Winner of the 1999 IACP/Julia Child Cookbook Award in the category of Literary Food Writing
Frank Browning leads us on a beguiling journey through the primal myths of the world's most popular fruit, then explains that the first apples really appeared in Kazakhstan on the slopes of the Heavenly Mountains. He visits the apple germ-plasm repository in Geneva, New York, and describes the powerful effects of genetic engineering on the apples of the future. In Wenatchee, Washington, world capital of apple growing, he meets Mr. Granny Smith and learns about the apple's niche in the global marketplace, before setting off to sample Calvados from the pot stills of Normandy and cider from Somerset.
Frank Browning, whose previous books include The Culture of Desire and A Queer Geography (FSG, 1998), grows apples and ferments cider in Wallingford, Kentucky. He also reports for National Public Radio from New York City.
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Frank Browning, whose previous books include The Culture of Desire and A Queer Geography (Noonday, 1998), grows apples and ferments cider in Wallingford, Kentucky. He also reports for National Public Radio from New York City.From Publishers Weekly:
In what he describes as "a quirky piece of personal and agricultural storytelling," Browning (A Queer Geography) contemplates aspects of the "forbidden fruit," from its probable origins in the mountains of Kazakhstan to its modern transformation into a high-tech product of commercial orchards. In his quest for knowledge about the apple, he talks to collectors of old varieties, commercial monoculturists, genetic engineers and master cider-makers. He travels to Kazakhstan to meet a scientist who devotes his life to the preservation of the world's original apple forests; to Geneva, N.Y., to visit Cornell University's apple-breeding program; and to France, England and the western hills of Virginia to taste traditional ciders. Although he is unenthusiastic about the perfectly shaped but bland Golden Delicious, Jonathans, Red Delicious, Granny Smiths and Fujis found in supermarkets today, he realizes that the tastier heirloom varieties such as Westfield Seek-No-Further, Newton Pippin, Winter Pearmain and Roxbury Russet are not commercially viable. Accepting the apple as a "full partner in the age of science and modernism," he's optimistic that breeders, perhaps by crossing apples from the primeval forests of Kazakhstan with other varieties, will create new apples that are flavorful as well as long-keeping, hardy and disease-resistant. A chapter on the apple in mythology and religion is a bit superficial, but for the most part, Browning, who owns an apple orchard in Kentucky, is informative and entertaining, though his story lacks the overarching historical context or the narrative drive of a book like Mark Kurlansky's Cod. Appendices include descriptions of 20 "prize" apples, new and old; a brief discussion of rootstocks and tree sizes, for backyard orchardists; and a sampling of apple and cider recipes from around the world. Illustrations not seen by PW.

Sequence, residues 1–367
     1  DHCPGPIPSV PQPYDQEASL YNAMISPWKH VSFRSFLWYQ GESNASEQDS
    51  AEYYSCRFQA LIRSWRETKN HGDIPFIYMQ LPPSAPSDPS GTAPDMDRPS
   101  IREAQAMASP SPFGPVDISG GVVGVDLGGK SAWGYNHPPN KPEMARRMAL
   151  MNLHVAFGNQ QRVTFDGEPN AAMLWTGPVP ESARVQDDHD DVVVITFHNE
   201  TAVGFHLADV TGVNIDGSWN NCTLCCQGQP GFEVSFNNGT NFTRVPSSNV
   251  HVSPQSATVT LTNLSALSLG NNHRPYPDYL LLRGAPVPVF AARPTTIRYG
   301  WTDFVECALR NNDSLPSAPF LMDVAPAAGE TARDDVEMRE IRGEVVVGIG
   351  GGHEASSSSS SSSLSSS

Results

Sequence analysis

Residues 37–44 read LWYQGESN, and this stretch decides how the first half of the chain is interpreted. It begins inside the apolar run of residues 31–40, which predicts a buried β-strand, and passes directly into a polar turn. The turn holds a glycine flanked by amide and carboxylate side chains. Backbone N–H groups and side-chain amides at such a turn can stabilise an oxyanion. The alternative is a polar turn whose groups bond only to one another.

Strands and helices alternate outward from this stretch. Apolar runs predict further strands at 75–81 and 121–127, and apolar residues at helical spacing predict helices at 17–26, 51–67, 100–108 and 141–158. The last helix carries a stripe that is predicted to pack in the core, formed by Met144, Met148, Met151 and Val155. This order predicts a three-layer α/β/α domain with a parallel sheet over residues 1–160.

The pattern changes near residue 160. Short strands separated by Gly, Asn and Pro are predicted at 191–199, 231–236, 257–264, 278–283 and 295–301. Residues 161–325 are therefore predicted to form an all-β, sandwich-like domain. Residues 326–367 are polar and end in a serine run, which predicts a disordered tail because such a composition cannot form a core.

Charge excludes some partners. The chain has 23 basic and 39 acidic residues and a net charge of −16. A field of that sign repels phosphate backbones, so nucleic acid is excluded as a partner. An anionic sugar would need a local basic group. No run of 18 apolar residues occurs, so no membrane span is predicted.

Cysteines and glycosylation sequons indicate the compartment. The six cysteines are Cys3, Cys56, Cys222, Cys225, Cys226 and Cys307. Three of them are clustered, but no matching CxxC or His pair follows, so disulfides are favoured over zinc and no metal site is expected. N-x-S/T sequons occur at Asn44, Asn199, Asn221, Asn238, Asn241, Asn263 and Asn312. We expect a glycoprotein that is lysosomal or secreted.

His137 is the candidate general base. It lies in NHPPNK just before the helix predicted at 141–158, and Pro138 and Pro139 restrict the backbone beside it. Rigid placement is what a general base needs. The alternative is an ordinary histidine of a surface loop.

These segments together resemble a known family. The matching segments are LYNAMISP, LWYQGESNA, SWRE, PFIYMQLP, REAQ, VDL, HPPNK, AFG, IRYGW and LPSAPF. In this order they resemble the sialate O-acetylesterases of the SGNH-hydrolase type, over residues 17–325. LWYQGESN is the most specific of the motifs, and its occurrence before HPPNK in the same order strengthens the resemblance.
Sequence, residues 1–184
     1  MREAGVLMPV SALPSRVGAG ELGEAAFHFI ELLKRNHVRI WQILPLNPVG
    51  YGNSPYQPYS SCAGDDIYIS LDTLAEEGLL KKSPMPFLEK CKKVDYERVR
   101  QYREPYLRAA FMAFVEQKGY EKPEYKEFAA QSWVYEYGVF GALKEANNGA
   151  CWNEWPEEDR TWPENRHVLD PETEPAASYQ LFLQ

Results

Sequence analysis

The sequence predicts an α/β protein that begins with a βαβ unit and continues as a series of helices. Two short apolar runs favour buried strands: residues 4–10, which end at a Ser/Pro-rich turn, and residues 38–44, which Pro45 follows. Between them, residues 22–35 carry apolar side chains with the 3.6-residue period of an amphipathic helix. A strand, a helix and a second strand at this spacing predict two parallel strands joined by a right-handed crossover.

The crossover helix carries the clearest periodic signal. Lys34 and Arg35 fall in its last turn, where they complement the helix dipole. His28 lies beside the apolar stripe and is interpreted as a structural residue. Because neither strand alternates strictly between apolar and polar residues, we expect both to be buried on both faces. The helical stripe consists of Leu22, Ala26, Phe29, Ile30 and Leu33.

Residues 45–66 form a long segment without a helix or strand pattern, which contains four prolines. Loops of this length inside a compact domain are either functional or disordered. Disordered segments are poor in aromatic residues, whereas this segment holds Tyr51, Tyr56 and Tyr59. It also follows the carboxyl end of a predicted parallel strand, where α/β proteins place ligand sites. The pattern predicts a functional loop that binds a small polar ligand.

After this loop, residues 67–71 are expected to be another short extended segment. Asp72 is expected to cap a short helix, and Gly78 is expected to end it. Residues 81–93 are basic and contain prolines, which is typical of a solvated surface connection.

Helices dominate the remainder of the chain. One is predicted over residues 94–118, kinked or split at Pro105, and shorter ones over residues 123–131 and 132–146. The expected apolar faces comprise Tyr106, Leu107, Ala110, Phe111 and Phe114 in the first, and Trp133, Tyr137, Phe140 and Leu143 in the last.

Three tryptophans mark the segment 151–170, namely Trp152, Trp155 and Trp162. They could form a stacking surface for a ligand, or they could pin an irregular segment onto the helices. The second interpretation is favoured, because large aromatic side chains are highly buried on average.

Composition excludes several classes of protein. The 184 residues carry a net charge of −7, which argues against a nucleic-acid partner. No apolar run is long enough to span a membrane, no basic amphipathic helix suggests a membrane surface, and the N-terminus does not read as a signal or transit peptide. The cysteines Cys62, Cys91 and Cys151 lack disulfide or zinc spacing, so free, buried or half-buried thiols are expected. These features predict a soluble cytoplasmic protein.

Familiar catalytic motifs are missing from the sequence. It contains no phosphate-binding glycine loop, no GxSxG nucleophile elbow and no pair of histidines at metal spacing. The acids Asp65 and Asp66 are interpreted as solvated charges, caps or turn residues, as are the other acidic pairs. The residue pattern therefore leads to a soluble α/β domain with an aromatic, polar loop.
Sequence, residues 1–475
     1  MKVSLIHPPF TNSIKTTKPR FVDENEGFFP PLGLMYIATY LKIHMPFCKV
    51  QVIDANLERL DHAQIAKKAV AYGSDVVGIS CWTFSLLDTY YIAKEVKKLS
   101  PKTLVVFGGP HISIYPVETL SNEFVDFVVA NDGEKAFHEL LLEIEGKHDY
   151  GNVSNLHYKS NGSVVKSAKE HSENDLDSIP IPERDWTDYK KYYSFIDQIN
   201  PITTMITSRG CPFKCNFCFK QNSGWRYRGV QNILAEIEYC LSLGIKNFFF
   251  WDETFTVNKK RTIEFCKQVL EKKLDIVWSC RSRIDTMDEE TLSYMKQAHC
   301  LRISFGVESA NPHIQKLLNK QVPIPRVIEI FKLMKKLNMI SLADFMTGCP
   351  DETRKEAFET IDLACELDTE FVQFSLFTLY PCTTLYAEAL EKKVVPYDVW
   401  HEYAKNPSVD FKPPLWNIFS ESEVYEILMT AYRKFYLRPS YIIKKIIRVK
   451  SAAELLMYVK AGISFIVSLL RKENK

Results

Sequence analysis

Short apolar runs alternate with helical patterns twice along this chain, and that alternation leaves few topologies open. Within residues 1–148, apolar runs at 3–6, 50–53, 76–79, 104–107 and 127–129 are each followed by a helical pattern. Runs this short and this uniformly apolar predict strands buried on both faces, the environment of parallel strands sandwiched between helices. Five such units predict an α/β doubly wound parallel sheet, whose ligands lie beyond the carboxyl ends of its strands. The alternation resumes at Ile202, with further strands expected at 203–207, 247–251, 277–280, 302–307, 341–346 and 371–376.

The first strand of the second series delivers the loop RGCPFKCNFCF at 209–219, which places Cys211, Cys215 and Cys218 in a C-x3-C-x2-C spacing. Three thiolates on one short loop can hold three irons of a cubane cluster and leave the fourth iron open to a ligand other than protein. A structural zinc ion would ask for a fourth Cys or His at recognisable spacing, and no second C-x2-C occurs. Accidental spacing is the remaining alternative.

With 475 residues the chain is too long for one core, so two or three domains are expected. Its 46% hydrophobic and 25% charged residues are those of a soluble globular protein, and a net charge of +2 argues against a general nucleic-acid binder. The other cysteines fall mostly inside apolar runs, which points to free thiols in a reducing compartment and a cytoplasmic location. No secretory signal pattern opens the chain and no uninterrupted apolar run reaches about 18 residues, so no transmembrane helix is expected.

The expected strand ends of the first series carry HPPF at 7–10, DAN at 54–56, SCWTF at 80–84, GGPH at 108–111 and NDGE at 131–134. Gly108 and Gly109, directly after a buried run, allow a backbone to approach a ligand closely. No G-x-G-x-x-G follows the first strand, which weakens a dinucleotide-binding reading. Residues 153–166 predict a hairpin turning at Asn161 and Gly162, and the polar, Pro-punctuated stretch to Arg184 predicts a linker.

Copyright 1998 Reed Business Information, Inc.
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